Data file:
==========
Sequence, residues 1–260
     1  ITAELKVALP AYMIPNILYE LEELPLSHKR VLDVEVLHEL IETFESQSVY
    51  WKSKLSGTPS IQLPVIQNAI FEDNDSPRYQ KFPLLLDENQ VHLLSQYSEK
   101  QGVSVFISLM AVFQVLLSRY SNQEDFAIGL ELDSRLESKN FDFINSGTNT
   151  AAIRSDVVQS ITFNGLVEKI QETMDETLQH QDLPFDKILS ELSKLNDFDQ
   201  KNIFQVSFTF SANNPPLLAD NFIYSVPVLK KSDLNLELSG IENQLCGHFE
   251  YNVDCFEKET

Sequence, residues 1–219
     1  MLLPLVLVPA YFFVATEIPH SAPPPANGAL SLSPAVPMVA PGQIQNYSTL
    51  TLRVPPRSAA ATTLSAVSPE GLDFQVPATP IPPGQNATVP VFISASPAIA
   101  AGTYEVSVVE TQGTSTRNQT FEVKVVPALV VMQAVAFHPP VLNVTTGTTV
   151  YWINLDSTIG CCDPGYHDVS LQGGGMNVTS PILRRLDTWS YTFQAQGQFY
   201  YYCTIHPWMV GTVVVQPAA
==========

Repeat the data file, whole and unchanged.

Sequence, residues 1–260
     1  ITAELKVALP AYMIPNILYE LEELPLSHKR VLDVEVLHEL IETFESQSVY
    51  WKSKLSGTPS IQLPVIQNAI FEDNDSPRYQ KFPLLLDENQ VHLLSQYSEK
   101  QGVSVFISLM AVFQVLLSRY SNQEDFAIGL ELDSRLESKN FDFINSGTNT
   151  AAIRSDVVQS ITFNGLVEKI QETMDETLQH QDLPFDKILS ELSKLNDFDQ
   201  KNIFQVSFTF SANNPPLLAD NFIYSVPVLK KSDLNLELSG IENQLCGHFE
   251  YNVDCFEKET

Sequence, residues 1–219
     1  MLLPLVLVPA YFFVATEIPH SAPPPANGAL SLSPAVPMVA PGQIQNYSTL
    51  TLRVPPRSAA ATTLSAVSPE GLDFQVPATP IPPGQNATVP VFISASPAIA
   101  AGTYEVSVVE TQGTSTRNQT FEVKVVPALV VMQAVAFHPP VLNVTTGTTV
   151  YWINLDSTIG CCDPGYHDVS LQGGGMNVTS PILRRLDTWS YTFQAQGQFY
   201  YYCTIHPWMV GTVVVQPAA